Spoiler alert! Spoilers ahead for Joker.
When Heath Ledger took on the Mantel of Joker in The Dark Knight, the hysteria he cultivated was certainly unmatched for years to come. His ambiguous origin and sinister persona was seamlessly brought to life by the brilliant Ledger and we’d assumed no one could ever fill his humungous clown shoes.
More than a decade later, however, Joaquin Phoenix’s retelling of Joker’s origin story has caught eyeballs and how! All owing to the beyond brilliant acting chops of Phoenix who figuratively ‘rose from the ashes’ to give the performance of a lifetime in this film.
Perfectly juggling his two personas — Arthur Fleck and The Joker, Phoenix seamlessly brings both together in the final act of the film, with an ample dose of internal conflict on the way. Not only did he make this a great comicbook film. He made this a brilliant film, period.
In the first act of the film, Phoenix demonstrates life of a down-on-his-luck economically backward citizen of Gotham City. He has to make ends meet working as a clown for hire, while battling severe mental health conditions that have crippled his social persona.
Joaquin doesn’t just act the part. Every inch of him convinces you of his never-ending tragedy. Act-1 of the film skilfully establishes him as someone who deserves your empathy and requires society to understand why he’s different. Your heart goes out to him until this point and you feel his pain every time he laughs.
In the next act, however, one begins to notice his rapid descent into madness. As he goes further and further into his unstable rabbit hole, the film gets darker and the Joker gets more frightening by the minute. Yet, a part of you still believes he needs your sympathy.
In one scene in the film, Arthur gets out of an elevator where he was trapped in for moments with his neighbour. As a friendly gesture, he points a finger gun to his head in agreement to when she did the same joking about how their apartment is in shambles. In what may have been the most normal and harmless gesture made purely in jest, Phoenix still wordlessly convinces you of something sinister going on in his head.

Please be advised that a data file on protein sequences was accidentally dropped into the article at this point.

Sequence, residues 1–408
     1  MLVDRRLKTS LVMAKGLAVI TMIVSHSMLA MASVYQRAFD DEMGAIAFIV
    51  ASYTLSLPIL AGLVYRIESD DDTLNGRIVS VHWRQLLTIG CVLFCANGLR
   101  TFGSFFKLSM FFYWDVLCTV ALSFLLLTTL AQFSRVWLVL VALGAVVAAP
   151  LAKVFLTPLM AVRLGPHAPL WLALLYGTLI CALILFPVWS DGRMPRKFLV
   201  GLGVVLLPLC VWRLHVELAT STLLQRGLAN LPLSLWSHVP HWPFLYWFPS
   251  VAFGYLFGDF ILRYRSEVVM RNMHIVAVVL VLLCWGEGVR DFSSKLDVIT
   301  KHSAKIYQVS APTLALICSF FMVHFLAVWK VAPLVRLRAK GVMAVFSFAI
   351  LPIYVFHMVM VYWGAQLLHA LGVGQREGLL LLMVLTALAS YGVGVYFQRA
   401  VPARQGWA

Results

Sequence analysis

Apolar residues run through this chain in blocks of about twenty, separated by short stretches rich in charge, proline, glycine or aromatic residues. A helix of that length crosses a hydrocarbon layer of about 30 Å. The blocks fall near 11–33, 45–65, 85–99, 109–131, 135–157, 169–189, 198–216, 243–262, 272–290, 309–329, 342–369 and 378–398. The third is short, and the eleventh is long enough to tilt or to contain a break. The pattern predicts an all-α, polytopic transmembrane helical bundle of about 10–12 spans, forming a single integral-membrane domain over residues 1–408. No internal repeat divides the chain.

In another scene, Arthur confronts his psychologist about not caring for him and simply doing her job. When she tells him they’re no longer funded and he won’t be getting his medication, just a minuscule change in his facial expression is enough to know about the storm that’s coming.
It is not in the grander scenes of gun-violence, but in these smaller nuances that the audience feels the magnitude of mayhem that is being foreshadowed.
Moments after he kills the three young blue-collared men, Joker stops for a moment and does a ‘dance’ of celebration of sorts. The very scene feels possibly far more sinister than the act of murder itself. In this scene you know what a truly talented actor can do — use his entire body to really ‘act’ and not just deliver dialogue.
Rarely does one come by a performance so layered and so nuanced that it makes you feel all the emotions at once. Watching him perform feels distressing yet cathartic, empathetic yet uncomfortable, and relatable yet terrifying. Undeniably a performance that will be etched in the acting hall of fame alongside heavyweights like Robert De Niro and Meryl Streep.
What we learnt from Jared Leto’s slick version of Joker was that the success of the character lies largely on the shoulder of the titular actor. Unlike his ‘charismatic’ rendition of the poorly received Joker, Phoenix gave us what we yearned for. A flawless performance of the character with all its enigma and vulnerability intact.
All images are from the trailer.